Attorney Howard F. Messer said he wanted a second autopsy conducted and was racing to hire someone to perform it because Mr. Thomas' funeral is tomorrow.

Mr. Messer said he spoke to two witnesses who said there was "physical contact" between police and Mr. Thomas. He would not identify the witnesses or characterize the contact.

"We're anxious to get as much information as we can from as many people as we can," said Mr. Messer, a career personal injury attorney who represented eight of the men rescued from the Quecreek mine in Somerset County in 2002.

Mr. Zappala said a friend dropped Mr. Thomas off on Camp Street in Braddock -- what he called a "high crime" area -- around 9 p.m. Tuesday.

The person picked him up two hours later to ferry him to a female friend's home in Swissvale. Mr. Zappala said the driver, whom he identified by first name only, told police that Mr. Thomas began to act "irrationally" and mentioned that people were trying to shoot him.

On Hawthorne, Mr. Thomas jumped out of the driver's vehicle. The friend left.

Panicked Hawthorne residents began calling 911 about a man pounding on front doors saying, "Help me, they are trying to kill me. They are trying to shoot me," Mr. Zappala said.

Five minutes after the first call, three Swissvale police officers arrived. Mr. Thomas told them that men bent on shooting him were behind 2210 Hawthorne Ave. Two male officers went to check behind the house, and Mr. Thomas was left with a female officer, Debra Indovina.

"She orders him down on the ground. He initially goes down. She unholsters her Taser. He, after some amount of time, starts to get up," Mr. Zappala said.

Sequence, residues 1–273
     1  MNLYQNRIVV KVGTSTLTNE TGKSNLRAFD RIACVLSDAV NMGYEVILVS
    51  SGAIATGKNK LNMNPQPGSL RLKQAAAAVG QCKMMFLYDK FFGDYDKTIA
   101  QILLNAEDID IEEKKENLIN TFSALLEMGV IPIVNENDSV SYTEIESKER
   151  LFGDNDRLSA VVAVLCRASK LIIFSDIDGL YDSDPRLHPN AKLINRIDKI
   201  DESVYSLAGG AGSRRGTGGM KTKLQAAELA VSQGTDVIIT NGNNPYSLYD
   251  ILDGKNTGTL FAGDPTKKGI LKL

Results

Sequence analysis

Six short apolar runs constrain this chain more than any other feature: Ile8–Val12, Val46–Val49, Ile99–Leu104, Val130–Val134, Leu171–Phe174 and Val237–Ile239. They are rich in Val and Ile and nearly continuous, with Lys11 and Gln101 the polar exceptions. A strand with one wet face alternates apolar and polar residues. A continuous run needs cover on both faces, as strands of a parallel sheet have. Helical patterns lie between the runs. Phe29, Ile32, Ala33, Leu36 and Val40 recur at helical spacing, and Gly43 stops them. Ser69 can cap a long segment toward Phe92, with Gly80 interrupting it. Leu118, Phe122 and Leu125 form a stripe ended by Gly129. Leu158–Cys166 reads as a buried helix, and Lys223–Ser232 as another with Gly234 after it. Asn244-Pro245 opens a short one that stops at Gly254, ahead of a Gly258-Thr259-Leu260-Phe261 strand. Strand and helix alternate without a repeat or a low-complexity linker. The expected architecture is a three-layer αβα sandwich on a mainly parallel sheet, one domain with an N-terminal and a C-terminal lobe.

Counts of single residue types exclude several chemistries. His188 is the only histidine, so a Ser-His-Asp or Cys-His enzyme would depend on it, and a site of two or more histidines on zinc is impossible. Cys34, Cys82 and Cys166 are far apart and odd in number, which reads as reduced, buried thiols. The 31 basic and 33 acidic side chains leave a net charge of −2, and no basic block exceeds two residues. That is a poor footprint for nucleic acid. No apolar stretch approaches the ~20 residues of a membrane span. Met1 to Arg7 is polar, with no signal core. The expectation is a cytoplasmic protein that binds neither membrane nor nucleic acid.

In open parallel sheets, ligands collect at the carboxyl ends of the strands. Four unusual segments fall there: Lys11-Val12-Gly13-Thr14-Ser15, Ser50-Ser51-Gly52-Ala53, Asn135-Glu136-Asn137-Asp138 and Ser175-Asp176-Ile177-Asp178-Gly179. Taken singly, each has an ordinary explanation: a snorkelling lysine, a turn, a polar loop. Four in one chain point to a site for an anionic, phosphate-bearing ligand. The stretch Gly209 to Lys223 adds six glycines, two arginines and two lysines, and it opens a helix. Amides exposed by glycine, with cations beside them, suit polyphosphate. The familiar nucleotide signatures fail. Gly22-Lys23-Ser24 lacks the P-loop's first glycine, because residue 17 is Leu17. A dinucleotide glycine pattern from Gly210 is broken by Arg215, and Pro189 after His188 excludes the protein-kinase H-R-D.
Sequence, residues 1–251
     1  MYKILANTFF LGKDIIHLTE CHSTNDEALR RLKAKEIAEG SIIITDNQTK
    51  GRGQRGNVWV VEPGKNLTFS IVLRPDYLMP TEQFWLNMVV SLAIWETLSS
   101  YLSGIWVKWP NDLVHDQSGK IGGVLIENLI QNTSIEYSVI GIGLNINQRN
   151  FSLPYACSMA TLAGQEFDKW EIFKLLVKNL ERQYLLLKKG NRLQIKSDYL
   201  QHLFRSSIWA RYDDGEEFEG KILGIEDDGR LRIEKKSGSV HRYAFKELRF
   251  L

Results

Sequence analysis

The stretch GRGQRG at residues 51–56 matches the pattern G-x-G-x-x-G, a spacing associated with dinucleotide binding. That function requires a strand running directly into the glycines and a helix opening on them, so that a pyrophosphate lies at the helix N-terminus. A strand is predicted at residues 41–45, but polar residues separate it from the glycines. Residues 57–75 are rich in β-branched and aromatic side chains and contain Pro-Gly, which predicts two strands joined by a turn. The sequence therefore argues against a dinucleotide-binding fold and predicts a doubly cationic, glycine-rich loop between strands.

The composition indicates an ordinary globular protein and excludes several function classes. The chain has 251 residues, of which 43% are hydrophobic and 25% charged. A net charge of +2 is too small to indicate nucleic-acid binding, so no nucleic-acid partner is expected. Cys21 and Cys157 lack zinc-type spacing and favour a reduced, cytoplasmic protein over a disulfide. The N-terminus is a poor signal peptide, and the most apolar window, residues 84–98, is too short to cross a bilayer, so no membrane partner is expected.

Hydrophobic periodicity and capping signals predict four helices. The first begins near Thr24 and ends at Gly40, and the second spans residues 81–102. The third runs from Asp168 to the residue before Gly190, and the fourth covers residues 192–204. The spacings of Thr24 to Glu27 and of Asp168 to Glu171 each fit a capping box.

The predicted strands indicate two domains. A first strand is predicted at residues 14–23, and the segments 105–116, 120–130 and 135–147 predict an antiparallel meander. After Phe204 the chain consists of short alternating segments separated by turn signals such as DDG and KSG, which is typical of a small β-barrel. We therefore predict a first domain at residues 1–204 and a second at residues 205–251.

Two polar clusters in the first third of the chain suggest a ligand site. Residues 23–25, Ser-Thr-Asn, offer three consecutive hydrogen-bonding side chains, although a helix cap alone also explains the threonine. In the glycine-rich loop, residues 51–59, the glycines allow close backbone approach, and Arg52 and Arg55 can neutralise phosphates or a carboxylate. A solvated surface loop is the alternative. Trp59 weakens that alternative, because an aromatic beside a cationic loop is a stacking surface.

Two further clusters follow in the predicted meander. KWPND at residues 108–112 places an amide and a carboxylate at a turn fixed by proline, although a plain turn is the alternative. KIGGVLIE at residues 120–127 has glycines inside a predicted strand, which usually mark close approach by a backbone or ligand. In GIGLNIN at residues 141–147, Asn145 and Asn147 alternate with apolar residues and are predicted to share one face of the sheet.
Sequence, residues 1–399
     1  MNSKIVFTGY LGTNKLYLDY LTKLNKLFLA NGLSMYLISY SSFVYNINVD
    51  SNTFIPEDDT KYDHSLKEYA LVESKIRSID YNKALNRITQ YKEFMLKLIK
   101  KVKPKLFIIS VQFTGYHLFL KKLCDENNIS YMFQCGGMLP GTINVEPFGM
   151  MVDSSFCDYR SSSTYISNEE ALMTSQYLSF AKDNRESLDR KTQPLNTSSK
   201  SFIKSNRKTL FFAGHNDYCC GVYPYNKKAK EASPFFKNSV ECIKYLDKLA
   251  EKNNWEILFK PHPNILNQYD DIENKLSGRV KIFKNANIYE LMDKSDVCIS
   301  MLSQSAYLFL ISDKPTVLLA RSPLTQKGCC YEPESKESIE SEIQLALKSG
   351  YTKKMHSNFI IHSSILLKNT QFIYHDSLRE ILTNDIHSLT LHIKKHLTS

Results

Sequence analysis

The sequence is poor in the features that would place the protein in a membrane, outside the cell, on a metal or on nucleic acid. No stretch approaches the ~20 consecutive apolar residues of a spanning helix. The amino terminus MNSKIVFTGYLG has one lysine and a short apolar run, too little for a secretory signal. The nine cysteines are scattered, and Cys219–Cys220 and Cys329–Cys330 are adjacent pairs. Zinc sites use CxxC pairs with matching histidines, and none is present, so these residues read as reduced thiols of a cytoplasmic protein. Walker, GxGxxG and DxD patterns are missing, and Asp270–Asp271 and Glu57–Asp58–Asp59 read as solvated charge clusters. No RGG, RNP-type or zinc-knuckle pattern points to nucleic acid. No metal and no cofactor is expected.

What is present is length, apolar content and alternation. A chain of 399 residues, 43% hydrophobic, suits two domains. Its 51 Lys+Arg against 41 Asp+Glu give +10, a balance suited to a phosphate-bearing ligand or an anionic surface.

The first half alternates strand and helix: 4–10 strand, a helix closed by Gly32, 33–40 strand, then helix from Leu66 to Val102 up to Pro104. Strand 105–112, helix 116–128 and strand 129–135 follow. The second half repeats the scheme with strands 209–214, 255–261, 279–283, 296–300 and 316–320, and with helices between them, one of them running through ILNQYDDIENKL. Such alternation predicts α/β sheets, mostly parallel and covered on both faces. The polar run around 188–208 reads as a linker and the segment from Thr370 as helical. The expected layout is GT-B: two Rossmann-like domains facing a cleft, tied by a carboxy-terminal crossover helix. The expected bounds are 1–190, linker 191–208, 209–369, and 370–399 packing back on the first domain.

One of the male officers returned to the front of the house, and Mr. Thomas ran between them, Mr. Zappala said. Officer Indovina shot Mr. Thomas with her Taser. Prongs lodged in his buttocks and back. She shocked him three times.

The DA said the officers wanted to restrain Mr. Thomas.

Asked why it was not acceptable for Mr. Thomas to run away when he was not under arrest, Mr. Zappala said, "We intend to consult with the FBI about this, too. He's not a criminal based upon his conduct that evening, People thought he was dangerous ... but as far as I'm concerned, I would not charge him with a crime."

Mr. Zappala said he was not prepared to rule on whether the officers' actions were justified. He said he did not want to invalidate the statements made by the witnesses who claimed they saw excessive force.

However, he said one witness' statements became "more dramatic. So initially, it could be one punch, the second time it's repeatedly punch, the third time more than one officer did in fact punch this guy."